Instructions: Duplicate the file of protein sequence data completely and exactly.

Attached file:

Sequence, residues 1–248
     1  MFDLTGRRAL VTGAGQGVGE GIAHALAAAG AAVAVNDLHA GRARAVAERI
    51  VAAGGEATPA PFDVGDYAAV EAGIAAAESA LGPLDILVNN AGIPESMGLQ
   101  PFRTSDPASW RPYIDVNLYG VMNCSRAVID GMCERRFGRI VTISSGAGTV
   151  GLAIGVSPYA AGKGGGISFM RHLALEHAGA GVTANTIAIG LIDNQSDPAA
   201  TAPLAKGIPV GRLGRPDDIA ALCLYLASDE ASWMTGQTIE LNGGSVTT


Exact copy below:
Sequence, residues 1–248
     1  MFDLTGRRAL VTGAGQGVGE GIAHALAAAG AAVAVNDLHA GRARAVAERI
    51  VAAGGEATPA PFDVGDYAAV EAGIAAAESA LGPLDILVNN AGIPESMGLQ
   101  PFRTSDPASW RPYIDVNLYG VMNCSRAVID GMCERRFGRI VTISSGAGTV
   151  GLAIGVSPYA AGKGGGISFM RHLALEHAGA GVTANTIAIG LIDNQSDPAA
   201  TAPLAKGIPV GRLGRPDDIA ALCLYLASDE ASWMTGQTIE LNGGSVTT